Becoming a subscriber to Foodshed’s Fresh 5 program—a weekly distribution of fresh, seasonal produce, grown by the small farmers who make up the Foodshed cooperative—means you’re in for two surprises with every delivery. One is the produce itself: an ever-changing...
Stepping into City Heights’ Mid-East Market is a sensory experience, and for many first- and second-generation Americans, it conjures up memories of home—childhood, comfort, holiday traditions, multi-generational family gatherings. The market is small, its aisles densely but neatly packed with rows of spices, desserts, and specialty products that hail from all over the world: Africa, the Middle East, India, parts of Europe. Fresh produce is around the corner, and against the back wall is a counter for ordering the store’s signature offering: Halal lamb, goat, and chicken, all locally raised without hormones or antibiotics, grass-fed, and humanely slaughtered. On weekend mornings, a line forms, made up of both City Heights residents and those who have come from farther away—each person calling out their regular orders and swapping conversations with owner Al Ilaian. “This is a neighborhood gem,” one customer says.
Where Mid-East Market is situated is significant: City Heights has been called the most ethnically diverse neighborhood in the nation, with residents of Vietnamese, Somali, Cambodian, Laotian, Hispanic/Latinx, and Middle Eastern descent, to name a few—and dozens of languages spoken across its small footprint. Murals displaying diverse faces and community gardens where Asian and African vegetables are grown dot the streets. Although many differences exist among City Heights’ diverse ethnic groups, the feeling of solidarity is palpable: The shared experience among immigrants and refugees is stronger than their differences.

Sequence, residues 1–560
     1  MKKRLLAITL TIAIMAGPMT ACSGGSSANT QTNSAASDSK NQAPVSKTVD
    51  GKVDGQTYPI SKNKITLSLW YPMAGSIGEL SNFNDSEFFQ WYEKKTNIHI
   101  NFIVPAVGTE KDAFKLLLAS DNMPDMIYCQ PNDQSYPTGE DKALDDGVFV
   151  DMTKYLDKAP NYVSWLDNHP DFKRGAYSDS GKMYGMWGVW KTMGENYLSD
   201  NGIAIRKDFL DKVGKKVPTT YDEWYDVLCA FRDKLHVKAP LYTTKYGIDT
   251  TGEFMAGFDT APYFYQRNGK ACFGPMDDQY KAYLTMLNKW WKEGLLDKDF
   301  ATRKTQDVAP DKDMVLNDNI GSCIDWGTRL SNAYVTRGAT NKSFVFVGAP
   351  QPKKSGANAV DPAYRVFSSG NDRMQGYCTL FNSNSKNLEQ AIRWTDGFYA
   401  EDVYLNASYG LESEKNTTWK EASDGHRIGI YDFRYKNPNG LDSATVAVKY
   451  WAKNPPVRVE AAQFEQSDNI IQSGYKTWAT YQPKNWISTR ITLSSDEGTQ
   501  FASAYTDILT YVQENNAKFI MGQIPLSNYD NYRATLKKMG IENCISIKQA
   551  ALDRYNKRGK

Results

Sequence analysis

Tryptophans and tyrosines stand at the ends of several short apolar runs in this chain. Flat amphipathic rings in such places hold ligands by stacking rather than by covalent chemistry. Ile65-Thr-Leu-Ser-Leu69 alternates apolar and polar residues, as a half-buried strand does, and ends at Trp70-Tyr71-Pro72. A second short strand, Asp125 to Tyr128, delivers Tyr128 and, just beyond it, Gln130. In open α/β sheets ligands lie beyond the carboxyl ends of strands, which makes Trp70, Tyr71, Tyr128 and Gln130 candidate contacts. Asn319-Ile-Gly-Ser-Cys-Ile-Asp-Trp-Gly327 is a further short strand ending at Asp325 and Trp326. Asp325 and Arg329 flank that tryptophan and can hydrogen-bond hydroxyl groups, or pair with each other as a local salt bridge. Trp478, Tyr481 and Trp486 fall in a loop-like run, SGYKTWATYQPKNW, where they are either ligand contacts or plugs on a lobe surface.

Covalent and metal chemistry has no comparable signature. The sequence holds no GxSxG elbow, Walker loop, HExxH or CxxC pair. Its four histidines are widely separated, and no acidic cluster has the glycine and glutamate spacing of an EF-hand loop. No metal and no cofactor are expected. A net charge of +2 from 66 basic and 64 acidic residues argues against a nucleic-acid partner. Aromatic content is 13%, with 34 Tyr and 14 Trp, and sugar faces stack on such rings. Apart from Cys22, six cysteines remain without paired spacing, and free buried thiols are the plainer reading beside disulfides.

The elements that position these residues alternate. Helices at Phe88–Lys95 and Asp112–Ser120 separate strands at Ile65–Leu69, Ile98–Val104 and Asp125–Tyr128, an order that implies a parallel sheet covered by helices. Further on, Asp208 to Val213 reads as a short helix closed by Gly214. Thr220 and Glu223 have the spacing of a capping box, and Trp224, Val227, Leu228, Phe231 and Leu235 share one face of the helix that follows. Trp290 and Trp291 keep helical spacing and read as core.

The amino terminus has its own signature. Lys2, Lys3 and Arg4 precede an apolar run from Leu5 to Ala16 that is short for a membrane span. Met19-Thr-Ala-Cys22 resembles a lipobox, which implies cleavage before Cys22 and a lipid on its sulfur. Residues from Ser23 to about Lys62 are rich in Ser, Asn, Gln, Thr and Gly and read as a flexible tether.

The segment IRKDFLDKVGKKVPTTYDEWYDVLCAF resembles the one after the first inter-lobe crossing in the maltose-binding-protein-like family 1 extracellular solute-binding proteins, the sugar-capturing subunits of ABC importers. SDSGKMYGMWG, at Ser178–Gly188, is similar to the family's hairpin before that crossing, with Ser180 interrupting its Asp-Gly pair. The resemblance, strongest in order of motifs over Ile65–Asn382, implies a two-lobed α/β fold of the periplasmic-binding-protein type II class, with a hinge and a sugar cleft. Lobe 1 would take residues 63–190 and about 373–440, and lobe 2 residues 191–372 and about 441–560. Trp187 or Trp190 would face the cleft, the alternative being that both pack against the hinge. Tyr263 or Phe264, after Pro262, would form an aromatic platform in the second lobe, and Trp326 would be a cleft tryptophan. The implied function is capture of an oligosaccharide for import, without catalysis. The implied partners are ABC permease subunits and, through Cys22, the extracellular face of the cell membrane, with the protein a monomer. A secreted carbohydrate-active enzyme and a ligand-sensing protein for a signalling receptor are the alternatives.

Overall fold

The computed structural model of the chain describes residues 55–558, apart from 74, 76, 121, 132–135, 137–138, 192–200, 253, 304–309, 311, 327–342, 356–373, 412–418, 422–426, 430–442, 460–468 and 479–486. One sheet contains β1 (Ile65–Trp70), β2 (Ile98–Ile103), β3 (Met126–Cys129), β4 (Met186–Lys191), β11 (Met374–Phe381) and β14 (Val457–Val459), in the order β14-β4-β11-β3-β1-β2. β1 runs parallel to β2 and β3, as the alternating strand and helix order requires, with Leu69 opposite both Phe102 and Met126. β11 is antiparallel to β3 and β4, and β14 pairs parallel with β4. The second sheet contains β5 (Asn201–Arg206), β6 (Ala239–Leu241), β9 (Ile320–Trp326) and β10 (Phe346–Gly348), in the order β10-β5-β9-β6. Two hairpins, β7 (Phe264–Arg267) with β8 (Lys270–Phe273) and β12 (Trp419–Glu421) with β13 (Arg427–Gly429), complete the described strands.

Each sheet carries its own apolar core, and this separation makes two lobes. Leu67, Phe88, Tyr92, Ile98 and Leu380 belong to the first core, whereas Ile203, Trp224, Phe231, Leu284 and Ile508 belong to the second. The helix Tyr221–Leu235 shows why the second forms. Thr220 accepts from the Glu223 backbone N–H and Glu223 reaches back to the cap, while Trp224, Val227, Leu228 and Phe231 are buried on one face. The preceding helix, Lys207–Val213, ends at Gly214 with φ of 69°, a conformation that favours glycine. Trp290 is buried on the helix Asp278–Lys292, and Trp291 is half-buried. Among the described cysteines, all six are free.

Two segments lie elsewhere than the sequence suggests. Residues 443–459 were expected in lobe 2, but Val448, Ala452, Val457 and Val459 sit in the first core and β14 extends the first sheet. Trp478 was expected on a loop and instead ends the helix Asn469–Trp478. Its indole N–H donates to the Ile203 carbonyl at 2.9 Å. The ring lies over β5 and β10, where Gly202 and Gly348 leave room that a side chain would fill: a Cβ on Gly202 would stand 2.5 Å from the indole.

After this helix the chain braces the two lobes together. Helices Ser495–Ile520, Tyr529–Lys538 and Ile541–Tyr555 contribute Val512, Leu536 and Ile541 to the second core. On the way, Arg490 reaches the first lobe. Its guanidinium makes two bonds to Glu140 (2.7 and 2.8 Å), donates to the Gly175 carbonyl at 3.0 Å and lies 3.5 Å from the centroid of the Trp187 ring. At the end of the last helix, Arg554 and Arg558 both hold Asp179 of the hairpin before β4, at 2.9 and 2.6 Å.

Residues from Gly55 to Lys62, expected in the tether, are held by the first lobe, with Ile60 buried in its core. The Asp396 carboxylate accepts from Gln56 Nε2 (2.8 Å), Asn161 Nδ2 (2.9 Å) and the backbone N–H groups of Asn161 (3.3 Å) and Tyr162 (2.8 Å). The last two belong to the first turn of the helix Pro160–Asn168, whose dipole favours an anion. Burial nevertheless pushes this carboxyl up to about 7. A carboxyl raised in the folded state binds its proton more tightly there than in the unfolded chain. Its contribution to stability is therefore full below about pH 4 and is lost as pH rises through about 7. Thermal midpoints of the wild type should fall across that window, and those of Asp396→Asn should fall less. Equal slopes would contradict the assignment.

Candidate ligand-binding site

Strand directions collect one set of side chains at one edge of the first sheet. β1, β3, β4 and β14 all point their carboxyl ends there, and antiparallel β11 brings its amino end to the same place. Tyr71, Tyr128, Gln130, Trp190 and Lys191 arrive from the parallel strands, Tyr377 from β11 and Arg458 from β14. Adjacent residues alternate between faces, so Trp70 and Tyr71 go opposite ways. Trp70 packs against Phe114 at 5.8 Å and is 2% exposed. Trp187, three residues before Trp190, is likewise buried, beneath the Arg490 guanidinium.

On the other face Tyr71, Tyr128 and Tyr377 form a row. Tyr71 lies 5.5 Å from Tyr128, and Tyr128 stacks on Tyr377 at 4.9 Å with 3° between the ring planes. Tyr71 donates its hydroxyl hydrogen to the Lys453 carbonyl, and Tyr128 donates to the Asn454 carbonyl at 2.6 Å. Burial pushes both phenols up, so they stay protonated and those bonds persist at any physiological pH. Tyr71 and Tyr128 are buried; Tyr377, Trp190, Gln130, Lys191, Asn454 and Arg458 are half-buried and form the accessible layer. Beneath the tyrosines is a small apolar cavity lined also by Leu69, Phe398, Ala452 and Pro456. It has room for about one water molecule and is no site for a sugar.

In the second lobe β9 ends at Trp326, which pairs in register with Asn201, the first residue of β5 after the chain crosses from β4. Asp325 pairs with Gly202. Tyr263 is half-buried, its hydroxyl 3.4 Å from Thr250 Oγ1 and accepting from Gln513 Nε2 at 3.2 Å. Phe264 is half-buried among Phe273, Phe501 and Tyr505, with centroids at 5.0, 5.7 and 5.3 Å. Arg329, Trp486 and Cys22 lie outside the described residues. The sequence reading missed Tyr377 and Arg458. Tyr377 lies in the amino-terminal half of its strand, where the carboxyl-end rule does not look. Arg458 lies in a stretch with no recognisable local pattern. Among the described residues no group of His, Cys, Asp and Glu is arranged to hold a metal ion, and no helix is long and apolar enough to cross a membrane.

In 1980, Palestinian immigrants Hani and Khawla Ilaian opened the Mid-East Market on El Cajon Boulevard and 46th Street to provide the growing Middle Eastern population with Halal meat. As they became more familiar with their diverse community, they expanded their offerings to serve local needs with specialty products from all over the world, as well as fresh produce. The spice aisle and specialty ingredients now reflect the global tastes of their neighbors. “We cater to many African, Afghani, Indian, Russian, Iranian, and Iraqi customers,” explains Hani and Khawla’s son, Al, who has now taken the reins at the store.
In addition to whole goat legs and shoulders, lamb shanks, chicken, and beef, the shop also offers healthy prepared foods, including Arabian specialities like smoked eggplant baba ganoush, marinated olives, and other items like “Mediterranean salsa” that were added to suit the local community’s taste. There is a section of whole, dried spices, including items like Ethiopian barbari and Ethiopian butter spice, samke hara (hot fish) spices, sumac, cloves, whole cardamom, fenugreek, and much more, all at varying price points. Nezar, Al’s younger brother, assures customers that the market has a healthy turnover, which means these dried spices are fresh.
City Heights has long been called a “food desert,” with official discussion of solving food insecurity issues here revolving around adding more big box grocery stores—but when you take the time to wander the aisles of a small, family-owned store like Mid-East Market, try the products, and wait in line with fellow customers, this characterization of the neighborhood and proposed solution seem blunt at best. Perhaps the food landscape we dream of for places like City Heights should not look like what has worked elsewhere, but center the experiences of those who live and shop here daily. Mid-East Market may not be an oasis in a desert, so much as it is a gem in a resilient community—and one of many examples of neighborhood businesses that can thrive if we support them.